How bad is the English in this college essay, really?

Here’s an e-mail that Dana Ferris, an expert in teaching English as a second language, once received from an engineering professor who was peeved about the writing ability of one of his foreign-born engineering students:

“I have a student from Turkey. She speaks English beautifully and writes well except for one thing: Turkish has no articles and I cannot explain the article rules to her (these seem really hard to codify, I’m afraid). So she leaves them out. Not good. I’m appending a paragraph she wrote. (There’s also a little subject-verb disagreement, which is minor compared to the article issues.)

Are there any resources from the UWP where a writing professional might be able to sit down with her for an hour and talk about this?”

Here’s the student text he was referring to:

“As Graphical Processing Unit (GPU) has become more programmable, we have been increasingly using it for data-parallel applications beyond traditional graphics, which require general-purpose computation. We achieve significant increase in the computational  performance of these applications by leveraging highly parallel  architecture of the GPU. Performance speedups provided by GPU computing makes GPU suitable for data-parallel tasks, especially with time constraints such as real-time applications. GPU is also good fit for embedded systems which run data-parallel tasks, since it offers superior price-performance and power-performance. An affordable, embedded, low-powered GPU can be used to exploit the parallelism inherit in such tasks and can perform computations at a fraction of the power needed by traditional processors. It is common  for embedded systems to run multiple real-time tasks concurrently.  Although current programming model of the GPU does not allow us to  multitask between disparate kernels, developing such techniques would further motivate the use of GPU in real-time embedded domains.”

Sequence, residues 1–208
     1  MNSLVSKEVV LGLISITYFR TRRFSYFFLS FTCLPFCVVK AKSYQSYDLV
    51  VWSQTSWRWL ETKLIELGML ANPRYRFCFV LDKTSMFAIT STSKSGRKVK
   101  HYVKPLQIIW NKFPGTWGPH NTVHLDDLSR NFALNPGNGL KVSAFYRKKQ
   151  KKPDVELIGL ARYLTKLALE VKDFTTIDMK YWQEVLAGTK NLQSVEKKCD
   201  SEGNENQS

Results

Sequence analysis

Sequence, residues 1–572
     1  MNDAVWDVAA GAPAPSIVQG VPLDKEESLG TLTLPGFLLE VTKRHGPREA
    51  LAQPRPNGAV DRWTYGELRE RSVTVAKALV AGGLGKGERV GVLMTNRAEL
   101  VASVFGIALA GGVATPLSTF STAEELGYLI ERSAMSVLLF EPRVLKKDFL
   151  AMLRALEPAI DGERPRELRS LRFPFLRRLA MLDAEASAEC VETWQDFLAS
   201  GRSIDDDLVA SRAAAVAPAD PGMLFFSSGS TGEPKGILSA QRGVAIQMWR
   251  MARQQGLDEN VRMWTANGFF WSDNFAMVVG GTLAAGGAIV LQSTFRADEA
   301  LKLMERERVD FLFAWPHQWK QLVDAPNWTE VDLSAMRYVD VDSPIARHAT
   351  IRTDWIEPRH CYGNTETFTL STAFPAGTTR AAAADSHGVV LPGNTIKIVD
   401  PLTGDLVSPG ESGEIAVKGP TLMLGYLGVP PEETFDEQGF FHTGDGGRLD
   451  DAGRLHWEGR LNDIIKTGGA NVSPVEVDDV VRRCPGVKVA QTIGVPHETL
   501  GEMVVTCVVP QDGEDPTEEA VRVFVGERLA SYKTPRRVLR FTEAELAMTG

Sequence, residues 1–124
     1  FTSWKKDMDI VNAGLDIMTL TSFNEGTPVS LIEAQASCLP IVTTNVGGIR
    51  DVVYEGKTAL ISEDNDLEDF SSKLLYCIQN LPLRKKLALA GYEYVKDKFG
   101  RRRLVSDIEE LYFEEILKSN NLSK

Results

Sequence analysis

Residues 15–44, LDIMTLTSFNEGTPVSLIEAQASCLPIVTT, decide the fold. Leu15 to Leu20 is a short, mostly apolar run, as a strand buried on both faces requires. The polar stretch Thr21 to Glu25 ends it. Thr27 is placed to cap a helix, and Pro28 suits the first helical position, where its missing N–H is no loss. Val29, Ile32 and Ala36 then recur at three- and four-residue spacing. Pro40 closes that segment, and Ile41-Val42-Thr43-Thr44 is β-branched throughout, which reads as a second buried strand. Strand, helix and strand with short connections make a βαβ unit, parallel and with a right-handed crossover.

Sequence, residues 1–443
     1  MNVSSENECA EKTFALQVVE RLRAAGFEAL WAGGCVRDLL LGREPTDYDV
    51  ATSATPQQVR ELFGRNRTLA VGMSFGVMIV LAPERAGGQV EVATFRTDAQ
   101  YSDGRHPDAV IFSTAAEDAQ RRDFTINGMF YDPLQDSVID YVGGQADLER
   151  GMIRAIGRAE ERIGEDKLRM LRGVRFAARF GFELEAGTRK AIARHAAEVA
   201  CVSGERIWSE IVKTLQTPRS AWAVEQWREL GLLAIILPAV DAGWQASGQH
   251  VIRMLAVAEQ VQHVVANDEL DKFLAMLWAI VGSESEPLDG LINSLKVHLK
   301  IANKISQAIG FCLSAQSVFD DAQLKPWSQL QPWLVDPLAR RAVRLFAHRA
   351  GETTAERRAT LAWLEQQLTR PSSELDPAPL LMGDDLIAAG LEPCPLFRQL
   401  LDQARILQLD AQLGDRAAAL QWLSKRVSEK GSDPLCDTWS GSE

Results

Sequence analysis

Her assessment?

The prof was a little hung up on the little things. He’s got to be realistic.

But he’s not alone, and he’s joined by administrators and employers as well.

She’s got some really interesting points and anecdotes in her lecture here at St. Mary’s University in Minneapolis about handling ESL students.